In this Daily: The Flamingo Beach Marathon
Playa Flamingo is hosting the first ever Gatorade Flamingo Beach Marathon next Saturday, September 14th. Started 12 years ago in Tamarindo, the marathon moves to Flamingo for the first time this year, shifting locations to handle the logistics of a race as attendance for the event continues to grow.
The race begins on Saturday at 4am to beat the heat of the day, heading out on a route up through Flamingo, Brasilito, Huacas, and down to Villareal, before retracing the same route back to the finish at Hotel Margaritaville.
There are also 4 other races held the same day, at 30k, 21k, 10k, and 6k distances. Each comprises a slightly different route through the area, which are all available on the Buen Paso website.
One local to keep an eye on next Saturday is Jason Martin, a friend of Las Catalinas, who has used the roads in town and the surrounding areas to train for the Flamingo Marathon
A Pair of Challenges
Jason and his family moved to Guanacaste three years ago, where he and his wife now work and raise three children. To him, Flamingo represents a hefty challenge, one that he is looking to overcome in order to compete in a race that he calls “the big daddy of them all”, the Boston Marathon.
A Connecticut native, Jason has competed in the Boston Marathon 17 times over the past 20 years, and Flamingo represents one of a few remaining qualifying races before the registration date for next year’s Boston Marathon.
It’s fitting, he says, that the two races tie together his current home in Guanacaste with his childhood home in New England. In order to qualify for the big race back home, he has to master Flamingo first.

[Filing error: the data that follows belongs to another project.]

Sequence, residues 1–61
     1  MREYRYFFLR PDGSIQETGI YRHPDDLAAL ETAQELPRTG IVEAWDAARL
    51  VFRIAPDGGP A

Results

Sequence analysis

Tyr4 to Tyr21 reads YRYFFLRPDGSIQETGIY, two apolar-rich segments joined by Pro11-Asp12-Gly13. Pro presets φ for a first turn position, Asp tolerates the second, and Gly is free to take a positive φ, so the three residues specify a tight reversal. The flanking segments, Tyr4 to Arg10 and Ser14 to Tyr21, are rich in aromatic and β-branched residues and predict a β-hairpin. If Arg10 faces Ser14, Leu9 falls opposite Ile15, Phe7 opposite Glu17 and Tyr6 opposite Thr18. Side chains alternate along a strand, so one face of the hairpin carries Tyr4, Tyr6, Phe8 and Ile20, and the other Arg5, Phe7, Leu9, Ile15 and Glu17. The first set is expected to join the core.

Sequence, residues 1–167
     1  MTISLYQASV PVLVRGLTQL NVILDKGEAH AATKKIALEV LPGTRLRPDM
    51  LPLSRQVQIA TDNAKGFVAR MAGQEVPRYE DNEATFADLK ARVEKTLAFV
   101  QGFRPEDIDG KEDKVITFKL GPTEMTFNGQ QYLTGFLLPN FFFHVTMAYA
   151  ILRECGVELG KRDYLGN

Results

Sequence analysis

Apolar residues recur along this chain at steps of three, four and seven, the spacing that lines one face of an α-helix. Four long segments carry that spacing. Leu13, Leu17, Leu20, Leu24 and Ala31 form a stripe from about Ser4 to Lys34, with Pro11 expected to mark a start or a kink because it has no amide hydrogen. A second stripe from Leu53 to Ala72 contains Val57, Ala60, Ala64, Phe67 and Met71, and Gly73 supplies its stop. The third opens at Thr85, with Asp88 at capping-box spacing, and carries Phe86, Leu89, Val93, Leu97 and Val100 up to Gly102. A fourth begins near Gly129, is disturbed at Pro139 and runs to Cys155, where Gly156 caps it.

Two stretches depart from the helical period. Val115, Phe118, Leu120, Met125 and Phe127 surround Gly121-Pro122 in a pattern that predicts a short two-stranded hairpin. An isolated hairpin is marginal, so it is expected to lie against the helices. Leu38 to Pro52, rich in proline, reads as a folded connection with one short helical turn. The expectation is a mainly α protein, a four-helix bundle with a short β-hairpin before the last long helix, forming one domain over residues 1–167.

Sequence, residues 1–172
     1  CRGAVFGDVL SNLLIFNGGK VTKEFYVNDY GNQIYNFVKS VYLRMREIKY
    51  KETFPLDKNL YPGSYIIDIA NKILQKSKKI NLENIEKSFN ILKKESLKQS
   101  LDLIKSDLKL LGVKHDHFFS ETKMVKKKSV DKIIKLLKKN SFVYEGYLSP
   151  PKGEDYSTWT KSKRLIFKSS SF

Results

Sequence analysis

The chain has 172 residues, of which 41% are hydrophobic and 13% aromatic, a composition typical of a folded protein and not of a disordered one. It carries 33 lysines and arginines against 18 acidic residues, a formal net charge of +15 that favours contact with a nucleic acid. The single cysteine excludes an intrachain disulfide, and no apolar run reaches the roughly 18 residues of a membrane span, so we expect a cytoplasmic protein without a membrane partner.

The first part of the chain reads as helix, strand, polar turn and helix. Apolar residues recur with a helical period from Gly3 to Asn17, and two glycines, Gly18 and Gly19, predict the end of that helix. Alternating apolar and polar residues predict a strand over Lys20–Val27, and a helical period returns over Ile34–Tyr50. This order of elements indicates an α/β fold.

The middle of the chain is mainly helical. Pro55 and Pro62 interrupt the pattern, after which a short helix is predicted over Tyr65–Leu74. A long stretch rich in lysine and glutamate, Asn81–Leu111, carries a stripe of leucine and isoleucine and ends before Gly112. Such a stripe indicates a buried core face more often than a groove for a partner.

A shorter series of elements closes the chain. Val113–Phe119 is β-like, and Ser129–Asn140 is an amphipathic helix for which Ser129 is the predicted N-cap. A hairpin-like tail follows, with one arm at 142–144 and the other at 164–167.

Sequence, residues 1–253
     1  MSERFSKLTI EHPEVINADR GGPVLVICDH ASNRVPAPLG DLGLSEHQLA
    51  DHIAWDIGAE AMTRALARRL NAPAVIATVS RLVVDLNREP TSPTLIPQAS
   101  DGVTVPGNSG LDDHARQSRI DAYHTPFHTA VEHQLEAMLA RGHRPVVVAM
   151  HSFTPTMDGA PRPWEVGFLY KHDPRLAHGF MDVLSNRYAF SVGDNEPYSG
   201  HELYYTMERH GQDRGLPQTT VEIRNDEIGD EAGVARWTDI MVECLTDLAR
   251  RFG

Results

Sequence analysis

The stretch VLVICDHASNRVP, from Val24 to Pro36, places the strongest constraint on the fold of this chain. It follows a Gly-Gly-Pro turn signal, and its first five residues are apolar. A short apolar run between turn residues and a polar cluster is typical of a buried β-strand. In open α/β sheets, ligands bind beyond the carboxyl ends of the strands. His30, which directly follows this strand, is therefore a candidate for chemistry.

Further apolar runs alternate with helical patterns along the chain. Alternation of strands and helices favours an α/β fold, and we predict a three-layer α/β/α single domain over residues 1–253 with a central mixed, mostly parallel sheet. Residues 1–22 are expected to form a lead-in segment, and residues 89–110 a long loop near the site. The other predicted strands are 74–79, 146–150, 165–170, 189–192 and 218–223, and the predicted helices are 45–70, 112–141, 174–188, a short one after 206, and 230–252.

Training for the Flamingo Marathon
For the Flamingo Beach Marathon, Jason is targeting a 3:15 time, 5 minutes below the current Boston Marathon qualification time for his age group. It’s no easy task, and Jason shared some of the challenges and benefits of training in the area before his race next weekend.
“Around here you’ve got a very diverse terrain. You can get out of the city and into the hills for hill work, you can find long steady roads for more gentle training, you can go offroad to train in more intense conditions on dirt, where it’s a little dustier and hot, or you can cruise along the coastal highways for peak conditions.”
Jason tends to run late at night, once the kids are all in bed, and relishes the gentle weather and low traffic in the region.
“It’s a bit of a meditative thing,” he says. “You can pick a different route every night practically, and just get out and settle into the run. Doesn’t matter if it’s coming down rain or totally clear skies.”
Jason also interjects some steady treadmill and gym work, and used some open water rehab work when dealing with a problem with his achilles.
With only a week left to go until the race, Jason believes that he’s ready to hit his qualification time.
“The conditions around town are great to live in, but for a long term race you generally prefer something right around 50 to 60 degrees. So living here is sort of like mild altitude training, where you get used to something warmer and then when race day comes you’re flying. It’s funny, ‘cause if I can get past Flamingo and keep training like this, I’ll be in great shape for Boston.”
After the Race
When the race is finished, Jason’s plan is to head home, hop into the water, get a recovery massage, and enjoy some time with family and friends to celebrate the race and the training that lead there.
If you’re traveling to the area for the race, there’s a special offer at Santarena next weekend to provide a similar local experience. Transportation to and from the event, discounts on dining at Ponciana, and athlete rates on Wake Day Spa’s preparation and recovery treatments before and after the race make the Flamingo Beach Marathon feel like you’re racing at home.
Good luck to Jason and all marathon competitors next Saturday!